Some Future Secrets Revealed: An Update on Recorded Future
The future for most of us is a totally uncharted territory. The noble art of divining doesn’t seem to have made much progress since the days of the Delphic oracle more than 2,000 years ago.
But Recorded Future, an American-Scandinavian startup founded by Swedish entrepreneur Christopher Ahlberg and headquartered in the Boston area, claims to be able to make fairly good predictions on what will happen, by organizing and analyzing information collected from the Internet and presenting the results in useful ways. To quote the company’s own description:
“Recorded Future offers robust tools for temporal and predictive analysis including advanced visualizations, data for predictive modeling, and fine-grain Future oriented alerts.”
The oracle of Delphi was known to be secretive, and Recorded Future has to a large extent embraced the same policy. If you look at its website under the heading “Press” you’ll find the statement: “We don’t grant interviews and we don’t issue press releases.”
There have, however, been some exceptions to the rule. In March, the company’s CTO, Staffan Truvé, gave a presentation of Recorded Future’s technology at a conference organized by students at Linköping University in Sweden.
And Christopher Ahlberg recently granted my colleague Mats Lewan at the Swedish magazine Ny Teknik an interview.
Dr. Ahlberg told Mats that he thinks that today’s search engines have shortcomings when it comes to temporal information: “Google doesn’t understand time. And there are very few systems that understand time. It’s tricky. Internet tends to organize in terms of publication date.”
“It is really not easy to be able to extract temporal information from human texts, especially when it is by journalists who like to write in a colorful way,” says Dr. Ahlberg.
To be able to do that, the software must make sense of vague terms like “early next week,” “on Thursday,” “soon,” “later,” and “towards the end of the year.” According to Dr. Ahlberg, Recorded Future has analyzed thousands of English temporal expressions and is now doing the same for other languages.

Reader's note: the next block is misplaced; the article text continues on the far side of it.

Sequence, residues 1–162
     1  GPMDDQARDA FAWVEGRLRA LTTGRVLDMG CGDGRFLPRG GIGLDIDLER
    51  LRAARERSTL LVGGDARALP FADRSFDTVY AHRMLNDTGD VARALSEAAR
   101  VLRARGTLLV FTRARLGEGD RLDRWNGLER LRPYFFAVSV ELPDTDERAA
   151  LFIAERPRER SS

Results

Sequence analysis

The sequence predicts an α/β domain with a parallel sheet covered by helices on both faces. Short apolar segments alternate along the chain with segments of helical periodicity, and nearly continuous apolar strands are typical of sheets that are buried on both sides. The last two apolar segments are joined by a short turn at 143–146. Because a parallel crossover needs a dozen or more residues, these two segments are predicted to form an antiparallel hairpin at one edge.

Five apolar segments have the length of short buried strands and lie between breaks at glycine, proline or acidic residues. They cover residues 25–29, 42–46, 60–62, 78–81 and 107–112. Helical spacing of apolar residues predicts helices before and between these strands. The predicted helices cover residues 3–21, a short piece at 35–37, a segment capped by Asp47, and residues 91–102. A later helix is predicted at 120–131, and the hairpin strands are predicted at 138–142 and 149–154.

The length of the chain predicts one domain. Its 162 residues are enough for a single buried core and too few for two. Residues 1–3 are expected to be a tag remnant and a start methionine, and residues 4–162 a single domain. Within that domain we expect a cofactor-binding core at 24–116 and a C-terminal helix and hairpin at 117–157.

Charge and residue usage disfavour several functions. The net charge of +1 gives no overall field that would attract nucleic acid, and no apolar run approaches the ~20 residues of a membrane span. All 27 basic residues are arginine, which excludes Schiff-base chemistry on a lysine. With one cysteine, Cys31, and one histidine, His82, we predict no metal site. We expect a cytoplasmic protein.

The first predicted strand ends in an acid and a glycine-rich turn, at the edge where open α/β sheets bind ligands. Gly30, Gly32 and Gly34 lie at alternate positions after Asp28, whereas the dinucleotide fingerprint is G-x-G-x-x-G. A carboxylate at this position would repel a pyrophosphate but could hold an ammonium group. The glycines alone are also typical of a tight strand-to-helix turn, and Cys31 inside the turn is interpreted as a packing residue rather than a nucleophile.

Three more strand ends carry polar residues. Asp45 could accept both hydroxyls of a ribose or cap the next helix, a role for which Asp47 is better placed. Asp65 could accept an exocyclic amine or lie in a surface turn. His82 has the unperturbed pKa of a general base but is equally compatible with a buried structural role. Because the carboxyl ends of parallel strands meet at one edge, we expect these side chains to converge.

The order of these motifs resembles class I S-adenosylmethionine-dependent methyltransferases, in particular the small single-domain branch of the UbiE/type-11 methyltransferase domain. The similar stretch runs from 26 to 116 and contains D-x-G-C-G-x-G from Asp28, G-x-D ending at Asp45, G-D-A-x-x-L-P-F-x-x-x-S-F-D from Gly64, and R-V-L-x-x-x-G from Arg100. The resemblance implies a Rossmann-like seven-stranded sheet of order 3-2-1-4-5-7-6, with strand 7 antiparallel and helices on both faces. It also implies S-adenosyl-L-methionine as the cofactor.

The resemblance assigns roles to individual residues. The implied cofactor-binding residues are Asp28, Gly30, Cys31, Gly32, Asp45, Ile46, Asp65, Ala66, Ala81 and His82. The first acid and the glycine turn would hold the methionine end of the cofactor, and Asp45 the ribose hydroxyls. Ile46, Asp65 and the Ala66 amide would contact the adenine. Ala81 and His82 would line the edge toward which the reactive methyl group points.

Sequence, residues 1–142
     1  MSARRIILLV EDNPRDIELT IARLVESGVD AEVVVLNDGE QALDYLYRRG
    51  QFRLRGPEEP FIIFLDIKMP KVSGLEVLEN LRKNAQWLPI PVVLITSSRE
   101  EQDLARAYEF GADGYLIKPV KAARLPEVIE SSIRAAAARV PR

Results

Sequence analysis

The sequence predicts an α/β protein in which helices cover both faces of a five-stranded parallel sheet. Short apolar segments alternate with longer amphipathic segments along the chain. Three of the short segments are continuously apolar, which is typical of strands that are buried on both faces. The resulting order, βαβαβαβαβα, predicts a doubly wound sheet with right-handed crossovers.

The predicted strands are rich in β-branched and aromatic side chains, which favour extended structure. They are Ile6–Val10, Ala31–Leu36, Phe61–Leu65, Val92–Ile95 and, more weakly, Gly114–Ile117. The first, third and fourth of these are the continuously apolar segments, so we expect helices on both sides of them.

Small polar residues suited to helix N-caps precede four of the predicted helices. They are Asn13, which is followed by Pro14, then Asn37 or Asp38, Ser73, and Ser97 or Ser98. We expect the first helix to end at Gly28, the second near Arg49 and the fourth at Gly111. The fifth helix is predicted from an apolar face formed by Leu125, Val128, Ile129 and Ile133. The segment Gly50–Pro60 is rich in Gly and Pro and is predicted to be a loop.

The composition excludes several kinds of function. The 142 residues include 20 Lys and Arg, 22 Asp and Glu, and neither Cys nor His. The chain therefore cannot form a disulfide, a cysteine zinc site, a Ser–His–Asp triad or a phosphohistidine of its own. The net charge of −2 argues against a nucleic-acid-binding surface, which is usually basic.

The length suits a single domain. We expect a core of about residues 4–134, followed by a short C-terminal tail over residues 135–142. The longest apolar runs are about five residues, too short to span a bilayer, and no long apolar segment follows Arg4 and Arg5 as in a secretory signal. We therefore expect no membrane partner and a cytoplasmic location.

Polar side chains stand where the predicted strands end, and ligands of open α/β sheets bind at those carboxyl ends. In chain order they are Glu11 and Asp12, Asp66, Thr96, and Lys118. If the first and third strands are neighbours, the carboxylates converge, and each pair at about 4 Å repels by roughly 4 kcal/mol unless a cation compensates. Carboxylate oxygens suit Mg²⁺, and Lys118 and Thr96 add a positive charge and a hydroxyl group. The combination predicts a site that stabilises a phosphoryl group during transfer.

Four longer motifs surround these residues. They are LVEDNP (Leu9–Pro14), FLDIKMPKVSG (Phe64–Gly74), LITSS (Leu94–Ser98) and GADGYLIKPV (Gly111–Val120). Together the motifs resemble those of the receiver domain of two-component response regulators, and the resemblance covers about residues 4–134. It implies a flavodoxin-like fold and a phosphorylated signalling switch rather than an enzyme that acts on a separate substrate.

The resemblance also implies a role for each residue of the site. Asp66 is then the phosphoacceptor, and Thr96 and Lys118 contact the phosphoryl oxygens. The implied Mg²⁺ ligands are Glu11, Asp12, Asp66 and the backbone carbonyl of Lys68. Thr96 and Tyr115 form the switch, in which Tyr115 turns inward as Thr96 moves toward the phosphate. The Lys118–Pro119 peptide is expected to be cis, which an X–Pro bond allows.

For a user, the analysis could result in knowing when a competitor’s new product will hit the market; or help one spot plans for mergers and acquisitions that will influence the stock market. Or maybe just knowing when the market thinks something will happen, and being able to track the rumors in advance, might be good enough for anyone trading in stocks.
The company has funding from Google Ventures and also from another party with a long history of gathering and analyzing information—the Central Intelligence Agency, via its venture capital company In-Q-Tel.
Christopher Ahlberg started out as a researcher in data visualization technologies. In the mid-1990s he started Spotfire, a company focused on analyzing and visualizing business-critical information from large databases. Spotfire had its head office in Cambridge, MA, with several customers in the New England biotech and pharma industry. Tibco, based in Palo Alto, CA, acquired the company in 2007 for about $195 million. Just like Spotfire, Recorded Future has part of its workforce in Sweden, as well as in other parts of the world, like Washington, DC.